My very first trial took place in a tiny courtroom between a surf shop and a tiki bar.
I am referring to Municipal Court in Folly Beach, SC, where every week a parade of life’s unfortunates were summoned to answer for crimes of public indecency (aka nude sunbathing) and unlawful sleeping (aka being passed out on the beach).
My case was far less exciting. My client was Mrs. Peagler, an elderly lady who lived on Folly Beach three blocks from the Atlantic Ocean. She was sent by my friend Nick in what could be called a sympathy referral. This was back in the 80s, during my fallow period, when I spent most of my days watching the pigeons on the ledge outside the window of my lonely Broad Street office.
“The case has potential,” said Nick.
By potential he meant no lawyer in their right mind would touch it. But I said sure, bring it on. At least it would get me out of the office.
A Little Beach Music
Mrs. Peagler was a sweet, slightly stooped lady who was hard of hearing. She rented out her home from Easter to Labor Day, primarily to Citadel students.
At the time, Pat Conroy’s “Lords of Discipline” was a hit movie, and Citadel cadets were riding a testosterone-fueled wave. My client had been cited – courtesy of her rowdy tenants – for violating a number of town ordinances, including littering, illegal parking and excessive noise.
“My boys are innocent,” she said.
“They’re not the ones charged,” I said. “You are.”
“Like I said. They’re guilty.”
The Judge Wore Plaid
The judge came into court wearing a bright plaid shirt and loafers, with a robe thrown over one arm. Mrs. Peagler and I sat on the front row while he dispensed justice to speeding drivers and public drunks, and when the courtroom had emptied he called our case.
“Well hello Mrs. P,” he said to my client.
Mrs. Peagler beamed. For the next few minutes she and the judge chatted about mutual friends and how hot it had been, and I realized she had the type of hearing loss that came and went as the situation required. All I could do was stand there sweating and growing less and less certain of my case strategy. I’d prepared a four-page Motion to Dismiss based on vague jurisdictional grounds that even I did not fully understand.
“Tell you what,” the judge said, looking amiably at me. “Why don’t we just walk over and have a look at the property in question. That is, if counsel doesn’t object.”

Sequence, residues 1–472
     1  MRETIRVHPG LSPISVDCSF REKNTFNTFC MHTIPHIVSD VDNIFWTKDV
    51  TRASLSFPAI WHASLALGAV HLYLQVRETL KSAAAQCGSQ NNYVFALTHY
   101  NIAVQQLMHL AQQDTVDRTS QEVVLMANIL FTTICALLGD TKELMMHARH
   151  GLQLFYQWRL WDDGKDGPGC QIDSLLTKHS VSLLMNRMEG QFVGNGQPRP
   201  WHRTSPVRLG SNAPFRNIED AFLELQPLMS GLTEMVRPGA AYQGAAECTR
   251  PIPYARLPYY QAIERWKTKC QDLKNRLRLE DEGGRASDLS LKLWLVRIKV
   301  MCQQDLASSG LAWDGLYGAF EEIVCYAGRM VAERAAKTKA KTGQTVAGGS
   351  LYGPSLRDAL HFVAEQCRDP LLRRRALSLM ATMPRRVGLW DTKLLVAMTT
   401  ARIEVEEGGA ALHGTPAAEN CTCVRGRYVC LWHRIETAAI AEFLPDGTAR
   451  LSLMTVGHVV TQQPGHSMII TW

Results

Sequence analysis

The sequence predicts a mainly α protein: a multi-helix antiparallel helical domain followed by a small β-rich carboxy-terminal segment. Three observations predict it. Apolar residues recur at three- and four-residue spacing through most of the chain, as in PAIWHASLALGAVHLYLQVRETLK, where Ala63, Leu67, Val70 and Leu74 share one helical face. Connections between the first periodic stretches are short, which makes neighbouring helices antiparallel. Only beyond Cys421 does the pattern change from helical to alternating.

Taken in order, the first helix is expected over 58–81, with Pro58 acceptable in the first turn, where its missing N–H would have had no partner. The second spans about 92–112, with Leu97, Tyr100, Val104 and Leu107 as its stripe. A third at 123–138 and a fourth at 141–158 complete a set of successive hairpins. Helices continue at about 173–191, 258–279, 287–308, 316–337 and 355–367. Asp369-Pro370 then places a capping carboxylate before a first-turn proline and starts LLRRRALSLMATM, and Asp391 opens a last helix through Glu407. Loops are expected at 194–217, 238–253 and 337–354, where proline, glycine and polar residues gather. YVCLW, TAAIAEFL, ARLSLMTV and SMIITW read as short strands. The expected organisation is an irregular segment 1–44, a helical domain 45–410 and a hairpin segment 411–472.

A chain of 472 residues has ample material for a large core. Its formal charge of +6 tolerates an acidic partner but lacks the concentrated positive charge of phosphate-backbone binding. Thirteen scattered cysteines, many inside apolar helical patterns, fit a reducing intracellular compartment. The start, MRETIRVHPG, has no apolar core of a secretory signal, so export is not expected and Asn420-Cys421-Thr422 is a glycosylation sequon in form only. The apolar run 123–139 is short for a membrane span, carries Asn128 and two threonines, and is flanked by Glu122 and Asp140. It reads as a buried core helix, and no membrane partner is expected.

“His name is Jay not Jack,” said Mrs. Peagler.
“No objection,” I said.
South of Broad
Her house was only a few blocks away – back then everything on Folly Beach was only a few blocks away – and as we approached you could hear music and shouting and see cars parked up and down the street. It was like a scene out of Animal House. Young men spilled off the porch and into the yard, all of them with their shirts off and Ray-Bans on and red plastic cups in their hands.
“Mama P,” they shouted happily as we walked up.
“Boys,” she said. “The judge is here.”
Turns out Mrs. Peagler was something of a fixture on Folly Beach. She lived in a tiny apartment behind her house and was like a surrogate mother, or grandmother, to her unruly Bulldogs. She had rented to them for years.
Of course I knew none of this. I worked downtown and lived on Sullivan’s Island, in a cottage my wife and I had bought for $62,000.
Mama P went over and talked to her boys. Soon the music was turned down and the cars were moved to the public lot a few blocks away.
“Well I believe this nuisance has been abated,” said the judge.
He said if my client promised to keep a lid on things in the future, he was inclined to dismiss the charges.
“That is, unless counsel objects.”
“His name is Jay.”
“No objection,” I said, my motion having wilted to a soggy wad in the summer heat.
Memories Are Made of This
After that, I learned to be wary of cases with potential, and of referrals from Nick. I also learned if a trial involves real estate, it’s a good idea to visit the property beforehand.
I haven’t been to Folly Beach in years. Hurricane Hugo changed everything in that part of the world. Writing this story, I checked Google Street View and saw that City Hall now occupies a handsome building on Center Street.
I also viewed my old home on Sullivan’s Island. Back then, our house had a sinking foundation and an oil furnace and no air conditioning. It’s gone now, replaced by a magnificent residence worth 50 times what we originally paid for the property.
But not everything can be valued in dollars. And my memories of those days on Jasper Boulevard – in the first home I ever owned, newly married, with a baby on the way and the smell of sea-salt and honeysuckle in the air – are priceless.
Jay Reeves practiced law in North Carolina and South Carolina and is author of The Most Powerful Attorney in the World. He runs Your Law Life LLC, which helps lawyers and firms improve their well-being and create saner, more successful law lives. He is available for talks, presentations and confidential consultations.